6 Ways to Find Floor Plans of a House
Here are some ways that you can locate the original floor plans of your home:
1. Contact your Local Permit Agency or Records Office
These kinds of places often keep copies or records of floor plans, even years after the home has been built. Contact them beforehand to find out what information you will need to provide in order to receive a copy of the blueprints.
2. Visit the Local Planning or Zoning Office
Going to a local planning or zoning office will not only get you a copy of the property’s plan but also will show you the entire property itself. But again, make sure to call ahead to see if you need any documentation to access these records.
3. Call Your Builder or Architect
Generally, the original builder or architect of the house will have a copy of the blueprints. Large contractors will keep copies of the blueprints which can be easily accessed. However, it can sometimes be hard to locate the builders, especially if your house is older. A good way to find out who might have a copy of the blueprints is by looking at the original mortgage paperwork.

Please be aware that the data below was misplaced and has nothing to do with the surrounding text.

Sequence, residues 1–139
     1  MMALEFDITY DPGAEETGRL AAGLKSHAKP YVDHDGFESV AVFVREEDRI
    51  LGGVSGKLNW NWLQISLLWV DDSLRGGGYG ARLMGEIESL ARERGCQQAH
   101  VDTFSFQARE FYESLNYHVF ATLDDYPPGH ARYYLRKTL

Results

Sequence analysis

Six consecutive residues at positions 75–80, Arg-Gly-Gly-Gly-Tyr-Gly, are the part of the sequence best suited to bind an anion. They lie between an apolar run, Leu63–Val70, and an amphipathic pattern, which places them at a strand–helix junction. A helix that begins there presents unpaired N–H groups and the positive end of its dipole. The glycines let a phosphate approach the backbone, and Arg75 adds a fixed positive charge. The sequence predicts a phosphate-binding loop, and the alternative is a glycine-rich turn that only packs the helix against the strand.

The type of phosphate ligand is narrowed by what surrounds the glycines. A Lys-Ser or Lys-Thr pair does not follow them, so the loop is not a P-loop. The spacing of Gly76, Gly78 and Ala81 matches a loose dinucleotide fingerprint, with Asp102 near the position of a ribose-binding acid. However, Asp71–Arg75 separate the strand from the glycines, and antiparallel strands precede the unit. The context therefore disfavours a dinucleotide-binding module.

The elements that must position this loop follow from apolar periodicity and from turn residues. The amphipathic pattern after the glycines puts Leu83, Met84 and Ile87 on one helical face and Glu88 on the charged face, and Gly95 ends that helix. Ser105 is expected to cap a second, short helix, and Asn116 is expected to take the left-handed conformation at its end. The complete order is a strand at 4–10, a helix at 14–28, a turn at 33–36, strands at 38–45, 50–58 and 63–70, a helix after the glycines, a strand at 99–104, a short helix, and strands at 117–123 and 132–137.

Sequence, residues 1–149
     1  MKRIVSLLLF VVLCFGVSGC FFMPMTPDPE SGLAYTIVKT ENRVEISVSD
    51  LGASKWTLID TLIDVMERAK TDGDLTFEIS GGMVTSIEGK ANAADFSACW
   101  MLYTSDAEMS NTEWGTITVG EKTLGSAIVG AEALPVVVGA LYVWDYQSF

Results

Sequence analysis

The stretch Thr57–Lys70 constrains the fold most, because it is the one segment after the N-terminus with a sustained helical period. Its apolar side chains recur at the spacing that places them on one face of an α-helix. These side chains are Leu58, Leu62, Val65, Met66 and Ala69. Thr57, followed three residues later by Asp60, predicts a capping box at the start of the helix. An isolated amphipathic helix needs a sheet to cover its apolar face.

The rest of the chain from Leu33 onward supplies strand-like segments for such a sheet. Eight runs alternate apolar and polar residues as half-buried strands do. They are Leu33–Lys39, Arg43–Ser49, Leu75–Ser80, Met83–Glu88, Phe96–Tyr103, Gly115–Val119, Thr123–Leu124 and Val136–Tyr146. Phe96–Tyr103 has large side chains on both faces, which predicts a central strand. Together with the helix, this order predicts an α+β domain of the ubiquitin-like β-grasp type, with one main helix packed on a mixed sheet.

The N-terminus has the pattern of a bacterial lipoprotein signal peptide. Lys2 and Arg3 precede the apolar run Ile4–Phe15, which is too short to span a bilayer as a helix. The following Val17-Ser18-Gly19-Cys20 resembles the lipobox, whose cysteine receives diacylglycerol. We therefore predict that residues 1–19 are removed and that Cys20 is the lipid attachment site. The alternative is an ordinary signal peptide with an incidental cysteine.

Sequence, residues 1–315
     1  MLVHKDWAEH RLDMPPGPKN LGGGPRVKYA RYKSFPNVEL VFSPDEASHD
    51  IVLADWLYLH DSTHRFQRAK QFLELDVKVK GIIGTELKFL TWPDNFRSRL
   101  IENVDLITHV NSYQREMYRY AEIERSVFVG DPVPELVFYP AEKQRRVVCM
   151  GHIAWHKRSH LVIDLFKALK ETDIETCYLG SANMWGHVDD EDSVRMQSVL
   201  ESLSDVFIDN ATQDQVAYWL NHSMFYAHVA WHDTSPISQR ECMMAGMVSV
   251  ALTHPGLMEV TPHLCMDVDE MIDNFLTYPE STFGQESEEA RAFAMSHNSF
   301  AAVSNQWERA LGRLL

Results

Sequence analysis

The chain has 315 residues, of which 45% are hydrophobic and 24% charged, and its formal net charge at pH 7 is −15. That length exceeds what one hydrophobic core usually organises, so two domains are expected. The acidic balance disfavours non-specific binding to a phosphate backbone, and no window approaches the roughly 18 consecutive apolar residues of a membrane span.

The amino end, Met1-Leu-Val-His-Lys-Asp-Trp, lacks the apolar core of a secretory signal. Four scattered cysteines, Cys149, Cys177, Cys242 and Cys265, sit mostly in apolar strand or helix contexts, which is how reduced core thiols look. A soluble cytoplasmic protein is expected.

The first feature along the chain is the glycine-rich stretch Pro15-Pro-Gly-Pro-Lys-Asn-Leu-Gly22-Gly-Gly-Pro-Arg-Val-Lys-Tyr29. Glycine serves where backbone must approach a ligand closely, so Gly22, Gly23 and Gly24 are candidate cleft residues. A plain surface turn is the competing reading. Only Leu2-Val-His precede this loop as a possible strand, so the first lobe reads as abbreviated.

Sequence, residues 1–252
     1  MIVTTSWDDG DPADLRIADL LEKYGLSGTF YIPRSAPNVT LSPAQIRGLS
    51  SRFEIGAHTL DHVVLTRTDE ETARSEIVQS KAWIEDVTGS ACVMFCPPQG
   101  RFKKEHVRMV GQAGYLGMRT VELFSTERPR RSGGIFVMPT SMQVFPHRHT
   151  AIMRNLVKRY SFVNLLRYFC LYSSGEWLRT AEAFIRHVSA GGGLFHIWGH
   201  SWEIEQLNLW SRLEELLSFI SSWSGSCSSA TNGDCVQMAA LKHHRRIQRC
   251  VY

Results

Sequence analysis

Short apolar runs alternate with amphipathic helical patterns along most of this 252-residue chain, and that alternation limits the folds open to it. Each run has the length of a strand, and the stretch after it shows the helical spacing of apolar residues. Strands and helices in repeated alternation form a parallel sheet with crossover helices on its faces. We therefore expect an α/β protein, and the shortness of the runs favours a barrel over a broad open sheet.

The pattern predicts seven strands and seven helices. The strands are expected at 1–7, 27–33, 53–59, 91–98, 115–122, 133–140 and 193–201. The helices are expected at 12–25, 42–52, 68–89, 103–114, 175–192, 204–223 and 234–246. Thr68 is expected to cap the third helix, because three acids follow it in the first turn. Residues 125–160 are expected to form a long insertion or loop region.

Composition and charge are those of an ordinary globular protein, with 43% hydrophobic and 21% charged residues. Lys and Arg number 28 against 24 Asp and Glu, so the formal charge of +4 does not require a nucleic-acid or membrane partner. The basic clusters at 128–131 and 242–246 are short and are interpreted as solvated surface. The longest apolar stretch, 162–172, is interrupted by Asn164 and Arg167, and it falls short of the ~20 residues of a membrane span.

4. Check with Your Real Estate Agent
The listing agents may have a copy of the blueprints. And even if they don’t, many will be happy to help you locate them.
5. Ask Your Neighbors
Many neighborhoods are built by the same contractor. One of your neighbors might know where the best place to find the blueprints is. Also, with similar houses, they might have many of the same features. So if all else fails you can make a copy of their blueprints.
6. Just Look Around!
Many times with older houses, it’s not uncommon for people to find old plans in basements or attics. You’ll hear stories of new owners finding 100 year old blueprints when moving in. It’s a long shot, but when you have an older home it might be one of the only ways to get the original plans. So go treasure hunting in your attic, you never know what you could find. If you are thinking about remodeling or buying a new home, it is crucial that you obtain the floor plans for the home in order to save yourself a maintenance headache down the line.